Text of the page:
This annual edition of ‘Detective Comics’ gives us an story set in the aftermath of the recently concluded ‘Night of the Owls’ storyline. During that storyline (in ‘Detective Comics’ #9 if you want to be specific), Batman paid a visit to the infamous Arkham Asylum. In that adventure, we were introduced to the Black Mask… or re-introduced… or… oh! This New 52 stuff bothers me sometimes! Either way, the Black Mask was a lot more insane than the previous incarnation and with this issue, we learn more about the villain… and boy has he changed!

In a creepy opening sequence, Dr. Arkham is talking to Roman Sionis about his treatment. The good doctor is proud of Sionis for how far he’s come in putting aside the alter ego of the Black Mask. What Dr. Arkham is unaware of is… Oh! Don’t worry, I won’t spoil it for you. All you need to know for the review is that the Black Mask escapes Arkham Asylum and is running free somewhere in Gotham.

Cut to the Black Otter Carnival where Batman is smashing up the place taking down a new villain called Mad Bull. Bull seems like a generic strong-guy type villain who, true to his name, wears a bull mask.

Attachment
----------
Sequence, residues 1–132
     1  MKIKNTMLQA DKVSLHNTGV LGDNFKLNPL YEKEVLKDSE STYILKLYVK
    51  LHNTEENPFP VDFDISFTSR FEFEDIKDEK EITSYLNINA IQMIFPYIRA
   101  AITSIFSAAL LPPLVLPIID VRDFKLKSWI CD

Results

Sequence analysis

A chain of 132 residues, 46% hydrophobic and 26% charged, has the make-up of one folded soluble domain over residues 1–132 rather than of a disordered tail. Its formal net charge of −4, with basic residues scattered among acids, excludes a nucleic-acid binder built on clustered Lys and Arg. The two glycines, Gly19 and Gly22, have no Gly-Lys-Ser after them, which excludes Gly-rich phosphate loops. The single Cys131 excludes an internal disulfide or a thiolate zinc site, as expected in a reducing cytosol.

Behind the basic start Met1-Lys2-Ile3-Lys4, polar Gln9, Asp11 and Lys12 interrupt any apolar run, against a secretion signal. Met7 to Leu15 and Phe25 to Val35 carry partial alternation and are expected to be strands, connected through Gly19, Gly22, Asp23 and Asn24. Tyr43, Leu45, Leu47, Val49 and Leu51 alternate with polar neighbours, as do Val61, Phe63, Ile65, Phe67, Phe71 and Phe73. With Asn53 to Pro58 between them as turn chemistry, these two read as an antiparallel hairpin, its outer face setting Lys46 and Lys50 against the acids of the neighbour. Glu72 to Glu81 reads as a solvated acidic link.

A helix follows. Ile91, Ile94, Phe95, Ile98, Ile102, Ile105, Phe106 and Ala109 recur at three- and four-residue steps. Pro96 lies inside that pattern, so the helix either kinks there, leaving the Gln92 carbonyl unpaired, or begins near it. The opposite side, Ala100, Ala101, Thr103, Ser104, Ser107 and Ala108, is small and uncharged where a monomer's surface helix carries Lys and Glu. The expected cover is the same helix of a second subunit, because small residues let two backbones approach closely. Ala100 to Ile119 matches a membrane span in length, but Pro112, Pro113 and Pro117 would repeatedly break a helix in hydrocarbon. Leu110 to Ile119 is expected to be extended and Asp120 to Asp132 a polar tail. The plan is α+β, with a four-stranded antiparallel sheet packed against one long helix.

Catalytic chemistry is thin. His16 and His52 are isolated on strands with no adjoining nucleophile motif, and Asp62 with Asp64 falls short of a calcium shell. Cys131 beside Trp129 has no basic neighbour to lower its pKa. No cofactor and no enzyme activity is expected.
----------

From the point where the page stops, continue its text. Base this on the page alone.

While Batman is struggling against Mad Bull at the carnival, Commissioner Gordon and Harvey Bullock are interrogating Clayface to try and discover who Black Mask might have been working with. If they can find that out, they might have a lead on where the madman is hiding out and what he’s up to.

Right from that opening scene, this story has quite a few plot twists. Rather than spoil them all for you here, I’ll give you a few vague hints. The Mad Hatter is involved. The New 52 Black Mask might be much more dangerous than he was before. Oh! And the Black Mask might not be the only mask in Gotham! How’s that for teasing?

Tony Daniel delivers a pretty solid stand-alone Batman story but it doesn’t really stick out enough to be very memorable. It’s not bad by any stretch, but it’s not great either. It’s a square middle-of-the-road sort of story and earn’s a final score of…

Final Score:


Written by Tony S. Daniel
Art by Romano Molenaar and Sandu Florea
Cover by Tony S. Daniel and Sandu Florea